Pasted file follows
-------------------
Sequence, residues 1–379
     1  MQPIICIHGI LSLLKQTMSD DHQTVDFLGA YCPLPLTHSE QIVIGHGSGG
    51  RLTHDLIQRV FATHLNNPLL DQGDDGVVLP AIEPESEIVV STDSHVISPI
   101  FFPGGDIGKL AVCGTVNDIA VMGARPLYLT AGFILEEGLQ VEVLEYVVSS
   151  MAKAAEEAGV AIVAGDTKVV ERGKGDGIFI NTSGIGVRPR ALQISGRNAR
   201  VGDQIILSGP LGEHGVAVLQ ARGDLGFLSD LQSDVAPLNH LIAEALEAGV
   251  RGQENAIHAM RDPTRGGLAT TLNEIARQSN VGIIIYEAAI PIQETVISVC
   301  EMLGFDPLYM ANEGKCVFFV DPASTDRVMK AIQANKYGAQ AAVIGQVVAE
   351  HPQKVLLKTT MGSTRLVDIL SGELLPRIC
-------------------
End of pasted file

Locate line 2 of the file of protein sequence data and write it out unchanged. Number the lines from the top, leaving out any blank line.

     1  MQPIICIHGI LSLLKQTMSD DHQTVDFLGA YCPLPLTHSE QIVIGHGSGG